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My question is similar to this other one which hasn't been properly answered: Javascript and the GPL

There is a web application which contains both server-side code and client-side javascript for its user interface. This web app is dual-licensed under GPL (for community users) and a properitary license (for paying customers). I'm not a lawyer and also I'm not the person who makes these kind of decisions, I just would like to better understand how this affects my work.

If we use a GPL-licensed client-side javascript library for the user interface (but we don't intend to modify the library itself, just use it), does the rest of the web app (any of the server or client side code) need to be GPL too?

  • Since we would distribute the library in an unmodified form, ours doesn't count as a derivative work.
  • The concept of "linking" is not present in javascript (because it is an interpreted language), therefore the parts of the GPL which prevent GPL-licensed software from linking with properitary software don't apply here.

Obviously this would be a non-issue for our community users, just a legal question about the properitary license.

EDIT

Clarifications:

  • I don't want to relicense the GPL-based library, I'm fine with distributing it under the GPL. The question is about whether or not I need to GPL my own code.
  • The version of the GPL the library uses is GPL v3

EDIT 2

Because no better answer was posted, I accepted @erikkallen's answer.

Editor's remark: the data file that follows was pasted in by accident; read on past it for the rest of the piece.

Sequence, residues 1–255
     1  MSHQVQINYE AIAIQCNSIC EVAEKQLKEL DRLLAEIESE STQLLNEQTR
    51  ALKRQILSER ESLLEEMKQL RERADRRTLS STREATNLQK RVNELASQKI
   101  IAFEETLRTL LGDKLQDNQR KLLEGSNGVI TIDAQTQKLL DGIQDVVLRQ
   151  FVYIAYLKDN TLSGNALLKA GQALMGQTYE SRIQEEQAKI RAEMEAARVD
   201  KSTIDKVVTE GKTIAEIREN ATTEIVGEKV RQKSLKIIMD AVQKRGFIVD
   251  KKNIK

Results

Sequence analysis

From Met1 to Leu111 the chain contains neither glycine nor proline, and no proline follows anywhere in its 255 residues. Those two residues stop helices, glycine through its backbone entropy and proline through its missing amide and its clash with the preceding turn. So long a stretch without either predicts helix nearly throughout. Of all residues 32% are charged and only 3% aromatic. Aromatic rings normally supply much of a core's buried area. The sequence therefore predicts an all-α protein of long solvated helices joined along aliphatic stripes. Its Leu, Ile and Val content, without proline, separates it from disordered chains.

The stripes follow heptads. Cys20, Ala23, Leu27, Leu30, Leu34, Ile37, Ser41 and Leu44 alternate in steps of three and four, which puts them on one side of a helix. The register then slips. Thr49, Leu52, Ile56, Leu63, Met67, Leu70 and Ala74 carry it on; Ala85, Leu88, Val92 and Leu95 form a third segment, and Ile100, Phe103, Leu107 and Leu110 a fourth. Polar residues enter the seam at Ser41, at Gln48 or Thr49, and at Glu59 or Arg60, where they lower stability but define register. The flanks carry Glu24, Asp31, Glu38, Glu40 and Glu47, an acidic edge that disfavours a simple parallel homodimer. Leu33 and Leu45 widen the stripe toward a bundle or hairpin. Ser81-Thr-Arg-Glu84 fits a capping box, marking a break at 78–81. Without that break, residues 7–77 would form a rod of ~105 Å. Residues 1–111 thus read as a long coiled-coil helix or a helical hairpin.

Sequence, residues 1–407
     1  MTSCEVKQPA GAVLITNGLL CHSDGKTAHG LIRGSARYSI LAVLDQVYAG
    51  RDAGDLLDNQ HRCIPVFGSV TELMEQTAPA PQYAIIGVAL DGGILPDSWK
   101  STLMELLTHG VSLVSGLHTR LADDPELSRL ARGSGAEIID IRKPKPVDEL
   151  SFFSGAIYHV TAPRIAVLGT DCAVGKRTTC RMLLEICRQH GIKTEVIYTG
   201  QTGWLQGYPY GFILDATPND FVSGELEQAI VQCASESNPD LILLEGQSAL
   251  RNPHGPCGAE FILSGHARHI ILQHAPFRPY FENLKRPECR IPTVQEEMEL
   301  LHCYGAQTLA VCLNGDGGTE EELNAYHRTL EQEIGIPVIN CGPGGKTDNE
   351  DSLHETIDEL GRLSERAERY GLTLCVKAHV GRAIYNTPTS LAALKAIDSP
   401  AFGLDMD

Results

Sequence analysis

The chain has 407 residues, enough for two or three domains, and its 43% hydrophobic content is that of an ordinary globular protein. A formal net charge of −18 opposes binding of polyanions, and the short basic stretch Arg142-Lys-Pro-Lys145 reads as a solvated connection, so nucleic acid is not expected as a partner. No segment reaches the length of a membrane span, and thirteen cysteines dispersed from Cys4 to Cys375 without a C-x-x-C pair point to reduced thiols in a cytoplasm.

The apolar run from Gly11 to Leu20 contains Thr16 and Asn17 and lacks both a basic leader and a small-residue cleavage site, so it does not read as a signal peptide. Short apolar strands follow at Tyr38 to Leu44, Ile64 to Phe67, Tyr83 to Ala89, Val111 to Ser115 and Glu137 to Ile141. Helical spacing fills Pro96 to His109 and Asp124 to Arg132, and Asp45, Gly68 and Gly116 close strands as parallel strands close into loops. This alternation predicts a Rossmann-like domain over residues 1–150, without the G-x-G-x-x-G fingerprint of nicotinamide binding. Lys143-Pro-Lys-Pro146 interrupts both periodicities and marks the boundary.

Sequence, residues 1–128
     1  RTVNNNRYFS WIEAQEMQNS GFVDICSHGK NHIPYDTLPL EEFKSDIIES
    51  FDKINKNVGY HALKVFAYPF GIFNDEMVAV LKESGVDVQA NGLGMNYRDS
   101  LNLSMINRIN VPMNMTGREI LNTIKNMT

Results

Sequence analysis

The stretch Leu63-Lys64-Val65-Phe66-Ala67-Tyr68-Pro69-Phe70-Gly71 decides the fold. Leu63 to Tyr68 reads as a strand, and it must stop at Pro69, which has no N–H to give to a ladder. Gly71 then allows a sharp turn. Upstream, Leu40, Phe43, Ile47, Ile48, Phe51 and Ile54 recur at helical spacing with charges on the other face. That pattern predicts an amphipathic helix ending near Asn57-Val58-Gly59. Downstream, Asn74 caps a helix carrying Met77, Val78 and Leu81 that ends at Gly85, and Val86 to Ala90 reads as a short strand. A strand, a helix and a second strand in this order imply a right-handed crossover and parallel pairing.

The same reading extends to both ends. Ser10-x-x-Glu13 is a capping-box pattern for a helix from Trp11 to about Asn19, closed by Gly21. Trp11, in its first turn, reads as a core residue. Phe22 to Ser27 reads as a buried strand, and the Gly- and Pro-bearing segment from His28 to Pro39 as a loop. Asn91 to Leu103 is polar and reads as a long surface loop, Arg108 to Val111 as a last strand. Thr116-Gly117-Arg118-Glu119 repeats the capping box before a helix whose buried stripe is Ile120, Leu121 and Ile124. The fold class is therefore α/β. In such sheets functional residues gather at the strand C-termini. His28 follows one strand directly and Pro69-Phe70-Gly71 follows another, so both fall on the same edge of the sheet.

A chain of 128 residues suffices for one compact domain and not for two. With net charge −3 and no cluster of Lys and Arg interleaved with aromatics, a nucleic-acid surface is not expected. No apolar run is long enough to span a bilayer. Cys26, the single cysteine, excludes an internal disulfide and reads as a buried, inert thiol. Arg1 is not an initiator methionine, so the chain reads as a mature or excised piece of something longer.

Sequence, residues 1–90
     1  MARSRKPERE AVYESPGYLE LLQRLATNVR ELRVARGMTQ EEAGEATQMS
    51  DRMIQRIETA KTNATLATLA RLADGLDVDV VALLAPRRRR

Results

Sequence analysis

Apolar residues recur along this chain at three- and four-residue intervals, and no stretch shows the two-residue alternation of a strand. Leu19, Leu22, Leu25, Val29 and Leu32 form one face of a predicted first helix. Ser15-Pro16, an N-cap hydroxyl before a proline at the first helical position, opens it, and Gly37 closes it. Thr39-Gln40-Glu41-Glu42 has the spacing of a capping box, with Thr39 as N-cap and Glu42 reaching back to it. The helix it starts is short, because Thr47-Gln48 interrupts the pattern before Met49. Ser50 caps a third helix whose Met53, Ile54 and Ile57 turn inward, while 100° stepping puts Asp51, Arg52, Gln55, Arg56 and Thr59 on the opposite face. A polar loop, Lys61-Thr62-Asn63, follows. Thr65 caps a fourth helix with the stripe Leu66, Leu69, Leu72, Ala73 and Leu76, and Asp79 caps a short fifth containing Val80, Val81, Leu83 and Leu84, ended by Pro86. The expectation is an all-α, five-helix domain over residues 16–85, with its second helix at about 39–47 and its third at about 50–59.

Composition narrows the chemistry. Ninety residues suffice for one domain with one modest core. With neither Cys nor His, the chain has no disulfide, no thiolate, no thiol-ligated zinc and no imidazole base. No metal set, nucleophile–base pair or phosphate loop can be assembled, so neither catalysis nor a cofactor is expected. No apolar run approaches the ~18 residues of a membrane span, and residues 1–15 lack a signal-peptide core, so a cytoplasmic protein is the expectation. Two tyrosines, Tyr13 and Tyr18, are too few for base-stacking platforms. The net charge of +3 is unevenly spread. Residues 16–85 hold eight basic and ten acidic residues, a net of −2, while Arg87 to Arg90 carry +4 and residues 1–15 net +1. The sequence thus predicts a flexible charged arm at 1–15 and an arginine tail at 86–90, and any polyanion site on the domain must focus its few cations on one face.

Conclusions:

  • The licensing of the server side is unaffected
  • Javascript files using the GPL-ed javascript library should be GPL-ed too in the spirit of the GPL, although its text is not clear on whether or not this is the case.
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Avoiding to GPL your code would be a clear violation of the intent of the GPL, although perhaps not the wording of it. This means that the question could also be asked as "Is it likely that I have discovered a loophole in the GPL that has remained unpatched since the dynamic web explosion?" –  erikkallen Sep 2 '12 at 12:08
    
Yes, I guess you could say that. :) –  Venemo Sep 2 '12 at 18:35

1 Answer 1

up vote 2 down vote accepted

I'm not a lawyer either, but I'm pretty sure that the JavaScript code would have to be GPL, but probably not the server code.

The GPL talks about arms-length communication, as an explicit example it says that using the code in the same process, with shared data structures, is not OK, but fork/exec is. This section of the FAQ mentions this. JavaScript code always share data structures and run in the same process.

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I've read the FAQ you linked here. It doesn't seem to apply to us, because neither of the 3 clauses are true: javascript doesn't use exec, neither does it use dynamic linking. –  Venemo Sep 2 '12 at 11:30
    
No, but it will definitely share data structures in the same process. –  erikkallen Sep 2 '12 at 12:03
    
Also, in JavaScript it wouldn't be too far away to consider just invoking a function to be dynamic linking –  erikkallen Sep 2 '12 at 12:05

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